Free Weirwolf by David Weir

Book: Weirwolf by David Weir Read Free Book Online
Authors: David Weir
was always my choice.
    My parents must have known something was going on – I used to creep back into the house after a big night out, go upstairs, have a shower and then go straight back out again so they didn’t spot me. But when you are a parent you only see what you want to see. And I was very secretive. I never did anything in front of people they knew, anyone who might have allowed them to get an idea. My dad was already upset that I had turned my back on sport. He had invested so much time and money supporting me and now I was just wasting it all. He must have been heartbroken.
    As for my brothers, Alan knew and he didn’t like it one little bit. At one point he really lost it with me. But what could he do? He could only tell me. He couldn’t hold my hand for twenty-four hours a day. He would say, ‘You know this won’t last.’ ‘It’s just a phase,’ he would say.
    I was a smart arse back then, though: ‘Well, if it’s just a phase, then I’ll be OK, won’t I? Look, Alan, I just don’t want to go back to racing. I am done with it.’
    â€˜Then you’re wasting your life, aren’t you?’
    It just washed over me.
    It was now two years on from Atlanta and I should have been fine-tuning my preparations to represent GreatBritain at the 1998 World Championships on home soil in Birmingham. Instead I was spending most of my time in nightclubs like the Colosseum in Vauxhall or the Camden Palace.
    It was a very, very bad time. And after having started so cautiously, now I wasn’t sure if I could stop. The next day I would feel like shit. You would ask yourself why you were doing it all just for a night out. My answer? Go out the following weekend and do it all over again.
    So what changed? How did I turn my life around?
    It just stopped being fun. After almost three years of hammering my brain with drugs, I was starting to get paranoid. I’ll never forget the moment I saw one bloke in Camden really freaking out. He had taken too much of something and was panicking. He thought people were trying to get him. That scared me. Why wasn’t that happening to me?
    A little while after that I was watching TV with a mate after a heavy night out. I was too wired to go to bed and needed something to help me get to sleep. Suddenly he started fitting. I can remember it so vividly. He was so scared he was shaking. I held him and told him he would be fine and that whatever it was he was experiencing would pass. Eventually it did pass. But it had really sobered me up. We both knew it had been quite serious. And for me, that was way too close to home. I had to stop.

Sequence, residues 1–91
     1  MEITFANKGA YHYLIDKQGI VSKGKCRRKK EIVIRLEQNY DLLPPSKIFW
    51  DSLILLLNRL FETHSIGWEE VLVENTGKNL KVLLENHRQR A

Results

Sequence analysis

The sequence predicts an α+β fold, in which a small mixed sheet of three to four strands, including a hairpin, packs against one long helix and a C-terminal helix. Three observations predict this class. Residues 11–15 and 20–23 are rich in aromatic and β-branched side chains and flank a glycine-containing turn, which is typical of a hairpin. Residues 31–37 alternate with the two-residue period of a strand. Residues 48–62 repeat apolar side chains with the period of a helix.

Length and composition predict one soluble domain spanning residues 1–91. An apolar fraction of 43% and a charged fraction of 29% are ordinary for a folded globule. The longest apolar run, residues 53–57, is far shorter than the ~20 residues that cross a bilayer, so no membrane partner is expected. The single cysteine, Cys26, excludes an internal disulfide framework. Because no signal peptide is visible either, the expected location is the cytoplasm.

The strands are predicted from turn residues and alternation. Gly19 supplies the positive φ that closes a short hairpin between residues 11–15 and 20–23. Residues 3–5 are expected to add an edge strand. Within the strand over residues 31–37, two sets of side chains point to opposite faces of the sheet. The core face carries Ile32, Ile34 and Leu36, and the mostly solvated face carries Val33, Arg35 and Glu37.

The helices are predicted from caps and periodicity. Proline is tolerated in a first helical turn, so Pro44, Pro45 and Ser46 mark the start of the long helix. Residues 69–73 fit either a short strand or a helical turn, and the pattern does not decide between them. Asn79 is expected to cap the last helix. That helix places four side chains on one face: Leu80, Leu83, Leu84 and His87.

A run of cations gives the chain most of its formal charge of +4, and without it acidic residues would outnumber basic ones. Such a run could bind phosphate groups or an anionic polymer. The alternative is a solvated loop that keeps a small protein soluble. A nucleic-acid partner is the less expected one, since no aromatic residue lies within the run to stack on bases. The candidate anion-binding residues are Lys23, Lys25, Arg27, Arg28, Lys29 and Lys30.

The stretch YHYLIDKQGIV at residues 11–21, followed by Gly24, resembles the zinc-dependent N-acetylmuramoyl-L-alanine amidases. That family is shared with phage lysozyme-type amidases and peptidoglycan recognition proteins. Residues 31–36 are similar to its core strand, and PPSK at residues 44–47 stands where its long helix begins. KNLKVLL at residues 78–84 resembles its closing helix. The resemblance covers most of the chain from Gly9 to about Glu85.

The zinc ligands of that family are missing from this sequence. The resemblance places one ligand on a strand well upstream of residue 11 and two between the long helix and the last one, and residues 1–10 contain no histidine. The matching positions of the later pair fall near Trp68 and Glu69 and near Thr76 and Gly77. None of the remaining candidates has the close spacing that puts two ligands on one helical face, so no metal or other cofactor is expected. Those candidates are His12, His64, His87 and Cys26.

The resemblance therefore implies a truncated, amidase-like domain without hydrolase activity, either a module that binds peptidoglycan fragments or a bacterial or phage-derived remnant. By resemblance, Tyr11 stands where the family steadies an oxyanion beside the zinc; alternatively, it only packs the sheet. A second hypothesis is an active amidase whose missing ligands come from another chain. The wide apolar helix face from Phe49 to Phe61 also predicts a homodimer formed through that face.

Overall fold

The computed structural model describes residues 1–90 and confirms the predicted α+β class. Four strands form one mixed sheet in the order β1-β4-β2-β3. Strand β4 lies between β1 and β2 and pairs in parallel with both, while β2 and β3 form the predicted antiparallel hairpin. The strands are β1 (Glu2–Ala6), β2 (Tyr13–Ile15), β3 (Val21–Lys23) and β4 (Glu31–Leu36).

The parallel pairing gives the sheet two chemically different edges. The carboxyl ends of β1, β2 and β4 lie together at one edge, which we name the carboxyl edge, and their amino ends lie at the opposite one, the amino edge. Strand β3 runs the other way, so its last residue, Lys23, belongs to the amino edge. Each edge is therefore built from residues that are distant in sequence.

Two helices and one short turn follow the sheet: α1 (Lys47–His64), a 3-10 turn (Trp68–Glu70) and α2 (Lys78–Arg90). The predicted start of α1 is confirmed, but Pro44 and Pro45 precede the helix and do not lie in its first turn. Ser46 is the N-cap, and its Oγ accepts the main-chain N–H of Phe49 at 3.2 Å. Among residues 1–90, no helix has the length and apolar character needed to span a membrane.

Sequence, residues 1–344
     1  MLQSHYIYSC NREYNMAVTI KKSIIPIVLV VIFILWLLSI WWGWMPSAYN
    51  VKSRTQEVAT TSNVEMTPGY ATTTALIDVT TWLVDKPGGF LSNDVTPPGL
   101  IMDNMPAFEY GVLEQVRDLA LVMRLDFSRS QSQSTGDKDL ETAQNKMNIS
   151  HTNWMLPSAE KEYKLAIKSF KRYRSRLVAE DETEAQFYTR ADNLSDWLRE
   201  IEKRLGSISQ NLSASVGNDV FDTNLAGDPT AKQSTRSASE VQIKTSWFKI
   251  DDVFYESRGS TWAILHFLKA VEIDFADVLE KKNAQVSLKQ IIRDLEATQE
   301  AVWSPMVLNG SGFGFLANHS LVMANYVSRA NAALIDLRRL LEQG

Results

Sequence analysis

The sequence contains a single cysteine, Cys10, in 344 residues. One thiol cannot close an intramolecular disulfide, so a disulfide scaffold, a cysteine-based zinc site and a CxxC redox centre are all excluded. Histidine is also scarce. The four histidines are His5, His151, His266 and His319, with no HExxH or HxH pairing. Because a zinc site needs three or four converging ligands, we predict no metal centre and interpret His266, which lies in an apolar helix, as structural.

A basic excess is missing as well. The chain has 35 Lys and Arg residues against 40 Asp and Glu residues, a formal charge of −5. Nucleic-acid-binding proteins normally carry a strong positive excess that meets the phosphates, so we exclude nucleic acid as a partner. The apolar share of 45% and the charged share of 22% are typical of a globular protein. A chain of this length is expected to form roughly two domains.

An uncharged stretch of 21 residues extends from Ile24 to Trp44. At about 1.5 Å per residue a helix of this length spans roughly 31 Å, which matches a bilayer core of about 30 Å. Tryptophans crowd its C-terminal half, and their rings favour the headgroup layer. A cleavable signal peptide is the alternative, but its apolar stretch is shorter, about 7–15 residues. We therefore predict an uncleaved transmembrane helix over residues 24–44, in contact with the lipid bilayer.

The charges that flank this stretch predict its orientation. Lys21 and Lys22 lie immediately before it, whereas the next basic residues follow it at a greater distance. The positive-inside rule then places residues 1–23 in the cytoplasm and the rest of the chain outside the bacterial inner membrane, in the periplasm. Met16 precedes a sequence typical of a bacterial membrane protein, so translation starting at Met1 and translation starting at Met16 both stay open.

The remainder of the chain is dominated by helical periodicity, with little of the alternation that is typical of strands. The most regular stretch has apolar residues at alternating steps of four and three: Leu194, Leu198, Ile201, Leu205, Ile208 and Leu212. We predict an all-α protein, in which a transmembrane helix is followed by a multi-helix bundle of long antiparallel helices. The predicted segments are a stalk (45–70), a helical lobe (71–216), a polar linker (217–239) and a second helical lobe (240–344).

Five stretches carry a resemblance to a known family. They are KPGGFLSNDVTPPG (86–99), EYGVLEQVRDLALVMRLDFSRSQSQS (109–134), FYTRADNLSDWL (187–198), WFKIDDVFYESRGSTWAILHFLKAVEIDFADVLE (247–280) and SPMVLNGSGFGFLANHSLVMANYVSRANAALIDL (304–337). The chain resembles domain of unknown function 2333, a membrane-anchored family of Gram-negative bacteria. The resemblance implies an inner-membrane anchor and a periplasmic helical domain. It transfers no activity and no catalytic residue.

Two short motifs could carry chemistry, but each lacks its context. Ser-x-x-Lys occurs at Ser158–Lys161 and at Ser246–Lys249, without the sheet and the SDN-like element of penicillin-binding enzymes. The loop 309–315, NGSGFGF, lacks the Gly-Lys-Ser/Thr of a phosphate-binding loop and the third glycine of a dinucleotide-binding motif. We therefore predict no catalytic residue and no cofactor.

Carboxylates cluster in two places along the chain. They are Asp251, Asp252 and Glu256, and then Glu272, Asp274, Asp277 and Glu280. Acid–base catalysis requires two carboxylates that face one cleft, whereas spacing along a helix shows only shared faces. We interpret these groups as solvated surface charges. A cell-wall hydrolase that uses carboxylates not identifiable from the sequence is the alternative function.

At that point I got a lucky break. I met Kaylie.
    For the last few years I hadn’t been interested in girls orgetting involved in a relationship. I was having too much fun to get tied down. But Kaylie came along at exactly the right moment. I was attracted to her. She was a bit younger than me and my friends but she was quite streetwise. She knew what my mates and I were into. She liked a drink herself but she wasn’t into taking drugs or anything like that. I don’t know why but Kaylie wanted to help me get out of the mess I had made for myself. She knew I needed saving and she asked me the question the drugs had been blocking out for so long: ‘Dave, what exactly do you want to do in your life?’
    I had no answer. I wanted to work but I had lost all my confidence in the system. What employer was going to give me a chance? Who would look past the wheelchair? I wasn’t clever enough to study and, besides, I had tried that and couldn’t stand it. I needed money but my benefits gave me more than I would probably earn. What was the point? Wheelchair racing was the only thing I was any good at, I told her.
    â€˜So why don’t you go back to it?’ she said.

    It sounded so simple. But I knew I had upset a lot of people. I had just vanished off the scene. I had missed

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